A sharp, abrupt change in soil moisture…almost 10% by catchment area (5/10/11).

Update 7/10/11: again, a little less.

Forecast had increasing rain since about the 3rd of October…it might still maintain until tomorrow (Saturday), but I’m a little sceptical at the moment (7/10/11).

One to keep an eye on smile .
Posted by: Seina

Re: Streamflow Observations - 12/10/2011 17:22



Streamflow 11th May 2010:







Streamflow 4th September 2010:



Streamflow 17th August 2011:

Posted by: Seina

Re: Streamflow Observations - 14/10/2011 09:38

Ok, let's try this again:

Special Note, Today's Forecast: "Possible Thunderstorm."

=> Observing radar/satellite...

Thunder heard...heavy rain!
Posted by: Seina

Re: Streamflow Observations - 17/10/2011 11:03

4.5 mm from the last event (14th)...not much of a change.

On another note, I don't think I've seen the pressure this high (today) for quite some time (~1029), after being only 1008 a couple of days ago. Last night's overnight low of zero (with a frost) was also contrasting in the sense that the last time it was around that mark was the 3rd...the average min since the 3rd being about 8 degrees.
Posted by: Seina

Re: Streamflow Observations - 17/10/2011 13:11

Another reason recent soil moisture estimates indicate the sub-surface is quite damp is because a local pond still contains maybe 0.5-1 metre of water. Although it is bit early to tell, this slightly suggests the level at which the moisture in the soil is at the moment, if underground pressure due to mass was removed, would be quite high. This means if we drilled a hole down to the level of moisture in the soil (saturation), the water could rise up the column a long way. Whether it would become artesian (overflowing) is another question.

It's mid October, December is a while away. Depending on the above, and pressure changes (dropping pressure heading into summer), we could hypothesise there is a slight suggestion of high humidity, and atmospheric moisture, at the moment!
Posted by: Seina

Re: Streamflow Observations - 21/10/2011 21:42

Small ants building some nests along the upper river bank for some reason. Not just a few ants though, hundreds of them confused . Humidity is continuing to increase on a daily basis.

The ants building nests along the river bank could be another aberration…or they know something we don’t.

Revision:

Edit: S’’t @ the forecast peak for the 25th eek – 00Z 21 oct 2011 to 12Z 28 oct 2011 run! Only 3-4 days out! 130 mils! I guess that's what you call rain in plain speak.
Posted by: Seina

Re: Streamflow Observations - 23/10/2011 11:12

Interesting...rain forecast for tomorrow.
Posted by: Seina

Re: Streamflow Observations - 23/10/2011 12:52

Some I would like to make a proper note of:

At a glance, the pressure could have dropped on the 17th, heading into late spring-early summer. As it stands, it appears to have been the highest-recorded pressure since late-August last year (2010). In other words, it looks like it was higher than the winter max. If anything this possibly represents a departure from what might have been expected to occur (the pressure continuing to fall, steadily, as it had been doing since the 23rd of August, this year). This little 1029 hPa on the 17th is a little out of sequence unless one assumes that (a) the pressure is going to remain relatively high for perhaps a few weeks to a month, or (b) the trend of the pattern of the last two years will not continue as envisaged into summer – that is a seasonal variation are per usual (summer, autumn, winter, spring).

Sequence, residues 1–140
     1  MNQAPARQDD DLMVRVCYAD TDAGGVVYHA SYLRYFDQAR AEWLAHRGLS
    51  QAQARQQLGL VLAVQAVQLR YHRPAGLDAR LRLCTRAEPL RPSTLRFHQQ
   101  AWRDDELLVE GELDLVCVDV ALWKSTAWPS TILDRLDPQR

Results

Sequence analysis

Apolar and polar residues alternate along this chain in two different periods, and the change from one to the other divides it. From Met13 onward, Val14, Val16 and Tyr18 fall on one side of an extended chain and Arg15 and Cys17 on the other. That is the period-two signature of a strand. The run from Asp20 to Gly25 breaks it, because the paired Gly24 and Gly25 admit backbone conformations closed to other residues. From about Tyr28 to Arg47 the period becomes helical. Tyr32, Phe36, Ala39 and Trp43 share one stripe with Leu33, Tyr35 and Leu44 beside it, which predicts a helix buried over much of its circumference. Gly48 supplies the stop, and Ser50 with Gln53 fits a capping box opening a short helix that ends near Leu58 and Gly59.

But then again there was also another blip in the time series, circa 7th-12th March 2010, when the pressure decided to buck the prevailing trend and first head south (1002), then north (1029, again). This one (17th) is a little more dramatic, but the “principal” of bucking to trend is similar. Assuming the current trend continues and the 1029 is statistical aberration (not sure about that), we’ll be at summer-type pressure by December (per usual). Assuming the 1029 is not a statistical aberration (quite possibly), we could be looking at a relatively mild-to-cool period of perhaps 2-3 months (that is moderated, sultry conditions) (nearing the end of January).

Update:

The pressure is now around 1005. The maximum pressure last summer was about 1018, so well below the summer maximum. However, this is not the middle of summer, even if winter has officially passed. Another interesting observation – yesterday’s max: 30 degrees with sultry conditions…that is, warm and extremely (I would go so far as to say possibly unusually) humid. The surface-heating was immense, even though other factors such as convection were somewhat less.

This is the middle of spring, and apart from a few blips here and there, one does not necessarily expect to see blips of this kind (pressure, humidity) on a regular basis.

The ants (same species) are continuing to build their nests (they have increased in size) in different places…some hundreds of metres apart.
Posted by: Seina

Re: Streamflow Observations - 07/11/2011 13:49

Ants will do what ants do (find food and build nests) smile .

...some forecasts are suggestiing rather heavy falls in Central SA over the next 24 hours, and more so the next 48 hours.
Posted by: Seina

Re: Streamflow Observations - 11/11/2011 11:32

Originally Posted By: -Cosmic- (naz)
Ants will do what ants do (find food and build nests) smile .

...some forecasts are suggestiing rather heavy falls in Central SA over the next 24 hours, and more so the next 48 hours.

Make that 72 hours in the Mallee...severe storm(s) went through causing considerable damage nearer the border, made the news last night (ABC).
Posted by: Seina

Re: Streamflow Observations - 14/11/2011 10:48